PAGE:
Former presidential candidate Hamdeen Sabahy is running once more for presidential elections, making him the first person to officially launch a presidential bid in the upcoming presidential elections.
Sabahy, 60, had hinted at a possible candidacy for months but announced his intention to run in a press conference on Saturday, to a cheering crowd which broke into chants of “Hamdeen” and later chants of “Hamdeen took the decision”.
“Firstly, our battle is against poverty, backwardness, corruption and tyranny,” he addressed the jubilant crowd.
He added: “We are the people, we are the ones who chanted in the squares, ‘the army and people are one hand’.” He added that his battle is in the “name of the revolution” and is for the people and the army. This was followed by chants of “the people and the army are one hand”.
Sabahy’s decision was followed by conflicting statements by members of Tamarod, the petition movement that gathered signatures to oust former president Mohamed Morsi and had eventually gained vast momentum.
Two Tamarod co-founders, Hassan Shahin and Mohamed Abdel Aziz, promptly announced on the group’s official Facebook page that they support the presidential hopeful.
Another group co-founder, Mahmoud Badr, announced that the memberships of Shahin, Abdel Aziz, and a third member have been frozen until further notice and that the Tamarod’s Facebook page has been hijacked and no longer represents the movement.
Subsequently, a statement signed by a group of 50 Tamarod co-founders and officials, including Shahin and Abdel Aziz, was published on the group’s Facebook page to announce support for “the fighter Hamdeen Sabahy”. They cited his opposition to “networks of corruption” under the rule of ousted president Hosni Mubarak and to “the terrorist Muslim Brotherhood organisation” under the rule of Morsi, among others, as reasons for their support.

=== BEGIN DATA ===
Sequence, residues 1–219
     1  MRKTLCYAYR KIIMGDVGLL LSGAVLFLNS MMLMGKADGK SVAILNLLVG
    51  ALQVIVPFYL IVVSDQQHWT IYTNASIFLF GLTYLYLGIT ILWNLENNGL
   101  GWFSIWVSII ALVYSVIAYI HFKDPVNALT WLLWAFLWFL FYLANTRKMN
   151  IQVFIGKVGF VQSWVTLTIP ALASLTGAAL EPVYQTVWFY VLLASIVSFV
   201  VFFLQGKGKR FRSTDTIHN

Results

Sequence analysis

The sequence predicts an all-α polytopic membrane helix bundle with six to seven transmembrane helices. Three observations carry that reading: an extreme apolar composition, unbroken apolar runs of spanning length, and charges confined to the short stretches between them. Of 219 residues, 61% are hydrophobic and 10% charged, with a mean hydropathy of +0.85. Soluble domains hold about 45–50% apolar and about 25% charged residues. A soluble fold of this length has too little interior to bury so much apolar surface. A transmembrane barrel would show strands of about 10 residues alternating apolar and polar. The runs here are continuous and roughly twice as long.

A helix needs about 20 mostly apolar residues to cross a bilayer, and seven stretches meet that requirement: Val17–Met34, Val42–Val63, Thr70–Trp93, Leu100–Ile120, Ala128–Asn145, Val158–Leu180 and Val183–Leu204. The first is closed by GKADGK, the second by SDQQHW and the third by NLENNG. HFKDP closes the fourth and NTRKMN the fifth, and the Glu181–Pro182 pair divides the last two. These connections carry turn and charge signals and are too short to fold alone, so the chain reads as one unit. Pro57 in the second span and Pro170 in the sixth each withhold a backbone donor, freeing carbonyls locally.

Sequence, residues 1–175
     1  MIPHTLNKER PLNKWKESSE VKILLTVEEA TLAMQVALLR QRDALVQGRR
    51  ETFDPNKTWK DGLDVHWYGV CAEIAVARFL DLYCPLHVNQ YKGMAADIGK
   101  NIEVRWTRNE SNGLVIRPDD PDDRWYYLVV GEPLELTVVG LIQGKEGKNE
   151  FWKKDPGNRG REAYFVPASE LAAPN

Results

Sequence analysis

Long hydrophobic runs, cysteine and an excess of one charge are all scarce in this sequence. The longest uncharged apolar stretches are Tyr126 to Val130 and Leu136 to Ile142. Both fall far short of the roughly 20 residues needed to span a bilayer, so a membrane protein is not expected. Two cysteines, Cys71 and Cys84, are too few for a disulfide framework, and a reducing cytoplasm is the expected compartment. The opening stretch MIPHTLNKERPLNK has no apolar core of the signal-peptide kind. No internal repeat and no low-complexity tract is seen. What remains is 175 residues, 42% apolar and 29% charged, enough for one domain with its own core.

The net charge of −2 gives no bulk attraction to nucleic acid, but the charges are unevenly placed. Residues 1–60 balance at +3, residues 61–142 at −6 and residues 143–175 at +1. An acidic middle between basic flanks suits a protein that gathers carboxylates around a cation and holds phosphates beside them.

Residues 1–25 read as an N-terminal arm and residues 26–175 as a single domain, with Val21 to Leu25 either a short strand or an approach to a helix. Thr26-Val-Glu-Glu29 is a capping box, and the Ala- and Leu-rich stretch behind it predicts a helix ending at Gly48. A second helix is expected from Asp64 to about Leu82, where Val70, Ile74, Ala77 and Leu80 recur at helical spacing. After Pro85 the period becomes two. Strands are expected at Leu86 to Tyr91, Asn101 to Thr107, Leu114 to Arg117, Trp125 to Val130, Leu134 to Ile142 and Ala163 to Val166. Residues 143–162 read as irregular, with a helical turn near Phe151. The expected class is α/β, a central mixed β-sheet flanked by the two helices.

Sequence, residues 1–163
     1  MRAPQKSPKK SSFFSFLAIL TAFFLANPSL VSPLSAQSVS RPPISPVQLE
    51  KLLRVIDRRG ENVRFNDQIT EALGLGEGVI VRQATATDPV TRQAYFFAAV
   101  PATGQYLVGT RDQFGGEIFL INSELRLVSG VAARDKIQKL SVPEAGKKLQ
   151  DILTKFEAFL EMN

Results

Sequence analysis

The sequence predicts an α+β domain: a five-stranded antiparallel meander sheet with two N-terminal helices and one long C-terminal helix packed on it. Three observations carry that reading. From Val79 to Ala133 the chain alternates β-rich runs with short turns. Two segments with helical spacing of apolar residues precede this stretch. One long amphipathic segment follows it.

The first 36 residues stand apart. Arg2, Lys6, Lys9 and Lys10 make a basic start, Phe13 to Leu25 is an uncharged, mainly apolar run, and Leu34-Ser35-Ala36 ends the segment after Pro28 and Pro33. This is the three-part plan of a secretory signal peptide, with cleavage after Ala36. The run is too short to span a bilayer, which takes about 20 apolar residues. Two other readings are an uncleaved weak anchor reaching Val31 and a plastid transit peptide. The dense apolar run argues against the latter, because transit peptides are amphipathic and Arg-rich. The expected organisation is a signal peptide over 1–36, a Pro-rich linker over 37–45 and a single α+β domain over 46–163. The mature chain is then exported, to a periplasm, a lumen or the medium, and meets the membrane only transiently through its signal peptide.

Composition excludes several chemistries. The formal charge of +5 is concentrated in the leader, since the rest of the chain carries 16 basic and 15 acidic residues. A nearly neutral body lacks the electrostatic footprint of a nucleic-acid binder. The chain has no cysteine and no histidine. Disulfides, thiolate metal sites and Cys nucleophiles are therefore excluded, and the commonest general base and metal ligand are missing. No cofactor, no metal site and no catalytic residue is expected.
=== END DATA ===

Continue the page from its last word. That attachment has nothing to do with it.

Tamarod’s website, however, shows the movement’s support for Defence Minister Abdel Fattah Al-Sisi’s potential presidential bid. The movement’s representatives in the governorate of Qena and the Delta area, which includes the governorates of Alexandria and Port Said, also announced their “full support” for the defence minister on the movement’s website.
Al-Sisi has not yet announced that he is entering the race but speculation regarding whether or not he will is mounting, especially after the Supreme Council of Armed Forces gave him the green light on 27 January.
One week ago, Sabahy proposed a ten-point initiative, stating that he would support any presidential hopeful who adopted its components. The first two points of the initiative, named “Egypt’s future”, called for the achievement of the “objectives of the 25 January and 30 June revolutions” through national cohesion and “empowerment of the youth”, and the application of “transitional justice”.
The co-founder of the Al-Tayar Al-Sha’aby political group said on 11 January that he was a “potential” candidate and that his candidacy depends on a prospective electoral programme and the formation of a campaign team that “represents the revolution”.
On 25 November, Sabahy said he would enter the presidential race if a national consensus is reached naming him a “candidate of the revolution”.
The presidential hopeful had run in the 2012 presidential elections, which brought Muslim Brotherhood candidate Morsi to power, but was eliminated after the first round of voting.